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Why Isn’t Our Children Learning?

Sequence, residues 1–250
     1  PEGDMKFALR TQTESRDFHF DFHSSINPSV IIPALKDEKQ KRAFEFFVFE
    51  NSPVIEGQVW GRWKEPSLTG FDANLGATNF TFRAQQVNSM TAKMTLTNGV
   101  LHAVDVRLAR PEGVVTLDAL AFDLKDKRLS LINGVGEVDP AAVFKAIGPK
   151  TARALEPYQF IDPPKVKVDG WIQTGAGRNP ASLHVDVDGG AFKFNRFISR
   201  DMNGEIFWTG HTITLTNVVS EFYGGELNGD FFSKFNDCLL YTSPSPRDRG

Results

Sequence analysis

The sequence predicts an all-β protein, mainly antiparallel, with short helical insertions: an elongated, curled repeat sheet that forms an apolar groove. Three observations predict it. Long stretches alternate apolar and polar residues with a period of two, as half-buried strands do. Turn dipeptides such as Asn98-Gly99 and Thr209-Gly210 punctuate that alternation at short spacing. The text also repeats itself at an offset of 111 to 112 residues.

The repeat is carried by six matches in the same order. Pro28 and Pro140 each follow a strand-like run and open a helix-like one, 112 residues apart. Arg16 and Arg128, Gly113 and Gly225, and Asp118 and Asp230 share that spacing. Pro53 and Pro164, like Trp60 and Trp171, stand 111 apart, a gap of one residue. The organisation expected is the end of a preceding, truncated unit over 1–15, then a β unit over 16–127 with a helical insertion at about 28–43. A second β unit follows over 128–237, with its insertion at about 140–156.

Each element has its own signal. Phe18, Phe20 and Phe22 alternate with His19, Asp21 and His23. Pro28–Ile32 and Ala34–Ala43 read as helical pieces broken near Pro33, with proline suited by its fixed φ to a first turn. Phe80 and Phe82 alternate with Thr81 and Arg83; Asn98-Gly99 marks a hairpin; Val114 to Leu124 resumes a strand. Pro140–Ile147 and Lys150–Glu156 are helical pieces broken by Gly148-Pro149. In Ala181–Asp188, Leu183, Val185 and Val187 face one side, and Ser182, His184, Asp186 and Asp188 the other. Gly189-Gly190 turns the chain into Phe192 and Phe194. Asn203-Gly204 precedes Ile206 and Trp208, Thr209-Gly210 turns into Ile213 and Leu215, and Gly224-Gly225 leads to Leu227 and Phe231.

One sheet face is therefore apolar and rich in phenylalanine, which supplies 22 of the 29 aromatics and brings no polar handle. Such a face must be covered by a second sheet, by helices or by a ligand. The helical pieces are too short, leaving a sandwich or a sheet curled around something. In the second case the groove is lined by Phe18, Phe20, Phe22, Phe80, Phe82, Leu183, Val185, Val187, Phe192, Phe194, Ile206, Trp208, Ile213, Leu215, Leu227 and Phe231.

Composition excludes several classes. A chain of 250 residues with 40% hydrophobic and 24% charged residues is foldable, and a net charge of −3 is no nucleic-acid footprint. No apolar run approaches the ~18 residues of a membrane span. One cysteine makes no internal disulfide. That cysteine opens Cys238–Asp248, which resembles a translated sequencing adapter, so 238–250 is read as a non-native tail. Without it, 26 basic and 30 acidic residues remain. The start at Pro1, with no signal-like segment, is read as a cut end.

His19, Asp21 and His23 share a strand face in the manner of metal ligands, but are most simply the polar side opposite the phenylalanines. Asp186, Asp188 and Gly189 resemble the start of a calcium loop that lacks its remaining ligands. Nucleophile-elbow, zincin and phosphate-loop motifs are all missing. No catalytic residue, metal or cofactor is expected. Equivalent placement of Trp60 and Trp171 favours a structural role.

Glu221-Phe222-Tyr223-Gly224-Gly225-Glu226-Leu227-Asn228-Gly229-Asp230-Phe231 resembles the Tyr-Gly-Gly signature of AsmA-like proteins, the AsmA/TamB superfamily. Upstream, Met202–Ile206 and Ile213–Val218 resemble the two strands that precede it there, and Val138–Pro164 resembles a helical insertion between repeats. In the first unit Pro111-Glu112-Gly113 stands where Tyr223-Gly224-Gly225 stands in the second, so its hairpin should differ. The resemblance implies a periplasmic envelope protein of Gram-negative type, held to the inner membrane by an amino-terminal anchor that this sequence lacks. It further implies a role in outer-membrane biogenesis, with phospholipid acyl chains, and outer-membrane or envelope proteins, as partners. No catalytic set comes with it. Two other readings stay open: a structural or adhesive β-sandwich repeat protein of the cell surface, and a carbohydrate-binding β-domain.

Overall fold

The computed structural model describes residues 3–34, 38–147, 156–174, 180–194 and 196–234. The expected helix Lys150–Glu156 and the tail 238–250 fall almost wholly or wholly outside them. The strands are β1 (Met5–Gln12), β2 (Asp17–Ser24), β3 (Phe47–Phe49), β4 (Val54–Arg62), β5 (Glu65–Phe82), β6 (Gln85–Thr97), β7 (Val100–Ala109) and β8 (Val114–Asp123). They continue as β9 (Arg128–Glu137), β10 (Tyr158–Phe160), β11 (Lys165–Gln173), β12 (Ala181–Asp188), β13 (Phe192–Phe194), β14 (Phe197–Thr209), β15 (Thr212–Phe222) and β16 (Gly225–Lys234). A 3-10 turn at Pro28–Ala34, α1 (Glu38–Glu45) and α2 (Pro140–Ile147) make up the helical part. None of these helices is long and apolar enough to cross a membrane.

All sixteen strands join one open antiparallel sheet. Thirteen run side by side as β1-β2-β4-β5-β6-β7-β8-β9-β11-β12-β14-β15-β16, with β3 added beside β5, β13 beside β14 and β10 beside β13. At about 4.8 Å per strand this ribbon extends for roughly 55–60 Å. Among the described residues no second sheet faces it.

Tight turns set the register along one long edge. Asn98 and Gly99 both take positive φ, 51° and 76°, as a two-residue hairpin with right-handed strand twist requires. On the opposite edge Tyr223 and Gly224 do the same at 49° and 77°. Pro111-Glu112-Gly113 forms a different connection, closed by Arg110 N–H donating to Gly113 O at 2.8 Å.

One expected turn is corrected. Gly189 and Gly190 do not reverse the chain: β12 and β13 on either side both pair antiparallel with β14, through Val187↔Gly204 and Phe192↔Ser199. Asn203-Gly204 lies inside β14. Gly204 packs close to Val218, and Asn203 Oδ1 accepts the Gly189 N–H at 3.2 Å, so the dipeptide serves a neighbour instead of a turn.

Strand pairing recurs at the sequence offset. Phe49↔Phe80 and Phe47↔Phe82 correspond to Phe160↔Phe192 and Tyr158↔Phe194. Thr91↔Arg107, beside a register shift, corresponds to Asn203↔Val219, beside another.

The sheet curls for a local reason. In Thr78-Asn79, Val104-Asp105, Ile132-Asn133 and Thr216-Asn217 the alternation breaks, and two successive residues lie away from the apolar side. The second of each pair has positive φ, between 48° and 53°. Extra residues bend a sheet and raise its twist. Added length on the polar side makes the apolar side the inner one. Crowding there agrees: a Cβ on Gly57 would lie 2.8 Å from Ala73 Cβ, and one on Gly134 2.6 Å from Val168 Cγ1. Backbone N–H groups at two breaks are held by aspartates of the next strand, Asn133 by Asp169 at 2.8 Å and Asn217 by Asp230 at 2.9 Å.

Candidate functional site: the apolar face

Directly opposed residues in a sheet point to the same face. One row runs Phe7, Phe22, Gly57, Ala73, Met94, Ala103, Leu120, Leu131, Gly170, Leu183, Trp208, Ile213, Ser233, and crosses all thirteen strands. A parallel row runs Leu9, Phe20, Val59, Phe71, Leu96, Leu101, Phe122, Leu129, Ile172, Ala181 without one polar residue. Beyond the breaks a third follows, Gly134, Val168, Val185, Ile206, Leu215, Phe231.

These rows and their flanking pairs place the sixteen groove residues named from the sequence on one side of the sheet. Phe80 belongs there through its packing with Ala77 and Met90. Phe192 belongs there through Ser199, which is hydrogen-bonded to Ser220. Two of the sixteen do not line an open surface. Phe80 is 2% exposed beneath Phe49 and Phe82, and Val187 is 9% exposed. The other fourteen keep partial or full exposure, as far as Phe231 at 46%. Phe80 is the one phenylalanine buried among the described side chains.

Anyone who has attended or sent a child to college in the last thirty years has to be asking themselves: what do universities do with all that tuition money? Sure, the dorms are nicer than they used to be and the dining hall food is closer to something a person might actually eat, and, yes, some university presidents are paying themselves like CEOs, but a few new buildings and some overpaid executives cannot possibly cause tuition to rise at four times the rate of inflation for a generation. So, where is all that money going? Not toward making undergraduates smarter, according to a hard-hitting new report, Academically Adrift, by sociologists Richard Arum and Josipa Roksa. The authors followed 2,322 students at 24 universities around the U.S. and found that after two years in college, 45 percent of them had made no appreciable progress in “critical thinking, complex reasoning and writing skills” – the very things college students are supposed to be learning during their freshman and sophomore years. After four years of college, according to follow-up figures available online, only 36 percent of students made gains in those areas. Perhaps even more damningly, the authors found that these students spent an average of only 27 hours a week on their coursework, down from 40 hours a week in the early 1960s. The average high school kid, the authors say, spends more time on school work than today’s college students do. Arum and Roksa pin the blame for this grim state of affairs on a campus culture that emphasizes social rather than academic pursuits and rewards professors for publishing articles in their fields more than for teaching their students. “As a college class, they deserve and have earned our sympathy,” the authors say of their subjects. Unfortunately their inflated ambitions and high aspirations have not institutionally been met by equivalently high academic demands from their professors, nor have many of them found a sense of academic purpose or academic commitment at contemporary colleges. Given how important – and timely – this report is, it’s a shame that its authors cannot write any better than this. Reading Academically Adrift is like being harangued over Thanksgiving dinner by your grumpy Uncle Fred, who just happens to have brought along a stack of bar graphs and regression analyses. Like your Uncle Fred, Arum and Roksa repeat themselves, a lot. They also have a gift for the laboriously documented statement of the obvious. (Turns out that teachers who expect more from their students tend to teach those students more. Who knew?) And, like your Uncle Fred, they are shocked – shocked, I tell you! – that the average 19-year-old, given a choice between studying and partying, will reach for the beer bong every time. But just because your Uncle Fred is a long-winded old fogey doesn’t mean he’s wrong. As someone who has spent the past fifteen years teaching writing to college freshmen and sophomores, I picked up this book expecting to disagree with it. I like my students. I’ve taught my share of dullards, but as a group, the young people in my classes are smart, hard-working, and willing to learn. But I came away from Academically Adrift with the unpleasant sense that its authors had put their fingers on an ugly truth: that we are not asking near enough of college students these days. This isn’t because the youth of today is any lazier or more debauched than their forebears or because my fellow profs are bunch of careerist bums, or even because the administrators are craven capitalists. The problem on the contemporary American college campus has little to do with bad people or bad faith and everything to do with a complex system of skewed incentives. At the heart of all university funding is an economic disconnect: the people footing the bill, primarily parents and the federal government, have a strong interest in seeing students get the best education they can, but they’re not the ones picking the college the student will attend. For the most part, the students themselves make that call, and while some are burning for knowledge and will go to any length to get it, many more want the degree and are aware that some studying might be involved, but mostly they just want to spend four years creating memories that will last a lifetime. Add to this the fact that modern universities have become factories for all manner of societal goods, from cutting-edge scientific research to star wide receivers, that have nothing to do with teaching kids to think, and you have a recipe for educational mediocrity. As Arum and Roksa put it: No actors in the system are primarily interested in undergraduate academic growth, although many are interested in student retention and persistence. Limited learning on college campuses is not a crisis because the institutional actors implicated in the system are receiving the organizational outcomes that they seek, and therefore neither the institutions themselves nor the system as a whole is in any way challenged or threatened. This is godawful prose, but still an incisive insight: the system isn’t working, but no one is raising the alarm because everyone is getting what they want. Administrators are getting ever-increasing tuition payments. Professors are getting paid good money to work on their obscure intellectual obsessions. Parents are getting prestigious decals to put on the back windows of their SUVs. The U.S. government is getting a machine that churns out intellectual capital and draws smart immigrants from around the world. And students are getting four fun years of thirty-hour weeks and all the beer they can drink, with the promise of a valuable degree at the end. Arum and Roksa argue that we can do much better – and that, in fact, we must. Not only did college students fifty years ago work harder than their grandchildren do today, but students at better schools are being asked to put in about 50 percent more hours of studying a week than kids at less prestigious schools. Now, as anyone who has taught at a state university can tell you, students there put in many more hours at off-campus jobs to pay their way – but not that much. Arum and Roksa cite one study of University of California students who put in 13 hours a week studying outside their classes, but “also spent twelve hours [a week] socializing with friends, eleven hours using computers for fun, six hours watching television, six hours exercising, five hours on hobbies, and three hours on other forms of entertainment.” Nice work if you can get it, kids. In the final chapter, the authors speak half-heartedly about making universities report how much their students are actually learning during their four years rather than simply touting the SAT scores of their incoming freshmen, but even they admit that isn’t going to happen any time soon. In a society like ours, where tuition at public universities is going up not down, the problems seem particularly intractable. Except for one potentially heartening fact: Arum and Roksa focused on students entering college in 2005, at the peak of a national madness in which people believed one could get rich by merely buying a home and living in it. It’s not hard to imagine that nineteen-year-olds, watching their parents flip through bestsellers like The 4-Hour Work Week, might think all they needed to do to get a great job was hang out for four years doing bong hits until the degree came through. But it’s also not hard to imagine that kids entering college in the face of today’s rampant unemployment and the rise of China and India might decide that they’d better learn something, quick, or spend their twenties living above their parents’ garage. Let’s hope they do. For better or for worse, college students are the customers, and they’re paying top dollar. If they want that money spent on hotel-quality dorm rooms and state-of-the-art gym equipment, that’s what they’ll get. But if they start demanding good teaching and training in the skills that will help them in the decades to come, then the educational-industrial complex will have to shift its gears to give them what they want.